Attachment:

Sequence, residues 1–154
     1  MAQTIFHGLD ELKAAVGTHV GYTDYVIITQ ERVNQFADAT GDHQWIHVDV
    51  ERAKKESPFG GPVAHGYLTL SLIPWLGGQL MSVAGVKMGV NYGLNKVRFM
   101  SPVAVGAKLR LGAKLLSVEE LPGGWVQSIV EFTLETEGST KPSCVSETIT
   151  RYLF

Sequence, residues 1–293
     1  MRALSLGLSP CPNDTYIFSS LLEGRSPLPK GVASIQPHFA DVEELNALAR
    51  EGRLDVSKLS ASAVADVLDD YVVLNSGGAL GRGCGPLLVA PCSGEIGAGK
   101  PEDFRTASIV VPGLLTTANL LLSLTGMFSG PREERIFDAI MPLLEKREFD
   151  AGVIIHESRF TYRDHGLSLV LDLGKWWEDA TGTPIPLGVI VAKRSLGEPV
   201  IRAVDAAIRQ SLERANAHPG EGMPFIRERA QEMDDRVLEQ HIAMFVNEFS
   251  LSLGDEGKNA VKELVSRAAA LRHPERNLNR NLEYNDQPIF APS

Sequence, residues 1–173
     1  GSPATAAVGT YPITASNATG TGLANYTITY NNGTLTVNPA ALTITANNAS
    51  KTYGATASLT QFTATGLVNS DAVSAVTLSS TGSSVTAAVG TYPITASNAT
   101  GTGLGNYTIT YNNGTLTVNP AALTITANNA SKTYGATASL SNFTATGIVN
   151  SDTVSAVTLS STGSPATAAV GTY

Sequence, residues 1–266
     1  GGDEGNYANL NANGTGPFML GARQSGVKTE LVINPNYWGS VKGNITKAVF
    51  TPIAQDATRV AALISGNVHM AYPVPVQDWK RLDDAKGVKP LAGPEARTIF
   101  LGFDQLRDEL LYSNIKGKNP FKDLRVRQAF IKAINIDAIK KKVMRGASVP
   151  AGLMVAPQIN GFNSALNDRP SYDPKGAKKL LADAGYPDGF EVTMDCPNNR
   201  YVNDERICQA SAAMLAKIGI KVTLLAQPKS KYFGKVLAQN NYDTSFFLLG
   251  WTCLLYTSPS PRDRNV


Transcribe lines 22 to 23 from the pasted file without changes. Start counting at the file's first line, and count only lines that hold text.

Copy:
   151  AGLMVAPQIN GFNSALNDRP SYDPKGAKKL LADAGYPDGF EVTMDCPNNR
   201  YVNDERICQA SAAMLAKIGI KVTLLAQPKS KYFGKVLAQN NYDTSFFLLG